The Driving Standards Agency (DSA) has published the list of bikes to comply with revised licensing laws that take effect next year. The main difference is in category A2 – for younger riders and those tested on a 125cc machine. Currently, those aged under 21 have to take the A2 test and ride a bike of no more than 33bhp for two years before getting the full ‘A’ licence.
Under the new proposals the age restriction has risen to 25. The power limits have also been raised – A2 bikes must now be between 33bhp and 47bhp. The bad news is that all the current machines that manufacturers have specifically built to make just under 33bhp are no longer eligible.
So if your kids (or grandkids) are approaching 17 and fancy a bike, you have two choices. Get them through the test now, even if they don’t want a bike yet – it’ll be simpler (and cheaper) to pass this year than next. Or, take them to the Stafford show in October (www.classicbikeshows.com for details) and get them interested in cool classic machines. Most British twins now qualify as do the 1970s Japanese middleweights. Pick up a metal flake 70s Suzuki GT550 for £1500 (see our buyer’s guide on p86) and they’ll be the coolest kid in their college.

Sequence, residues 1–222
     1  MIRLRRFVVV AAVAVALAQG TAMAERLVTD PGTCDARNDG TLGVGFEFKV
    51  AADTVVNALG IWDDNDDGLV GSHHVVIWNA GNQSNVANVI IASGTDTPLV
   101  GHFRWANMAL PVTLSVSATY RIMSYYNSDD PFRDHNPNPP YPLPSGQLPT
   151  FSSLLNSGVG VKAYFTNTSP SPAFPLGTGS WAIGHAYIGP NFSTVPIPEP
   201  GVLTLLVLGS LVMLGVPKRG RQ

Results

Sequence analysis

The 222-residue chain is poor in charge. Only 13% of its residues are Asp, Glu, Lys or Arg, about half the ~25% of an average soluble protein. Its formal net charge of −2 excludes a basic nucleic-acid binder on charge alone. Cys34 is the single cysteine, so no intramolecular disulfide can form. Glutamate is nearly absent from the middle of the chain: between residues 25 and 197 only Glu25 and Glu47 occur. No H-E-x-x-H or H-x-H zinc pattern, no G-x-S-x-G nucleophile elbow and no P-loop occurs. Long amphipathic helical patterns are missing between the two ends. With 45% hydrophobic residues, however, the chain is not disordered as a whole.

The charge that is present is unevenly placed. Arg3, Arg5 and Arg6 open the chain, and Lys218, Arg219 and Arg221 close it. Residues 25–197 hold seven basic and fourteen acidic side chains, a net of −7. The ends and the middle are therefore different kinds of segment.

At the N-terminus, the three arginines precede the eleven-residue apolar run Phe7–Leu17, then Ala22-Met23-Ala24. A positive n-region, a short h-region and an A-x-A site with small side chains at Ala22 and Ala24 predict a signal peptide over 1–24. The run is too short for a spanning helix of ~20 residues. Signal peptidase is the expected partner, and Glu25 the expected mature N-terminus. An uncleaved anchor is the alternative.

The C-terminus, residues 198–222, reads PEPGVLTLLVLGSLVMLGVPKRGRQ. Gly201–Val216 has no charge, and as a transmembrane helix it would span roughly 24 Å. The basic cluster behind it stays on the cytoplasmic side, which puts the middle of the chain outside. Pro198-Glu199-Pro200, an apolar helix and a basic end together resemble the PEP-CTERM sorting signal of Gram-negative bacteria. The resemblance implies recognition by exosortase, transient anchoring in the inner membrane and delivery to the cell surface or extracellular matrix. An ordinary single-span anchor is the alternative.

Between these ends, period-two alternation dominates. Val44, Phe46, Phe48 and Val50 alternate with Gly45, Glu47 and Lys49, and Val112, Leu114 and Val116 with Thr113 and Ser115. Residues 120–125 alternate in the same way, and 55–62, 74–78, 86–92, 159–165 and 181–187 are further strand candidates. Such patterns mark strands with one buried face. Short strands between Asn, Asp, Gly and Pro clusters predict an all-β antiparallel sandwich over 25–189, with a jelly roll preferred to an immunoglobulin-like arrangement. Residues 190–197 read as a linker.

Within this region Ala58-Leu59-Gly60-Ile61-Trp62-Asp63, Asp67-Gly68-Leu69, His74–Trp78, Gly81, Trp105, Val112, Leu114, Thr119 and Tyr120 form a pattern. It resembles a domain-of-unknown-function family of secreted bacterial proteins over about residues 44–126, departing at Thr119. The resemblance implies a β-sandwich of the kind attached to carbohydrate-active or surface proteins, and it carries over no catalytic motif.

But the most bizarre part of the whole process is that sitting on the official DSA list, halfway down the first page of recommended bikes, in the A2 category, is a Brough Superior. Yes, really. Well, it fits the bill at just 45bhp and a power to weight ratio of not more than 0.2kw/kg and, somewhere out there I guess there might be a wealthy parent for whom £100,000 is small change to buy their kids a bike.
But we can’t help but feel that the DSA is being somewhat biased against the Vincents and Gold Stars of this world.
CBG applauds the DSA for its broad mindedness and we really do hope that the new law promotes a growth in classic biking. But we feel sorry for the manufacturers, who have less than 10 bikes between them in the new A2 regulations, and the current owners of 33bhp machines, whose bikes are going to be worthless at the end of this year.Enjoy more Classic Bike Guide reading in the monthly magazine. Click here to subscribe.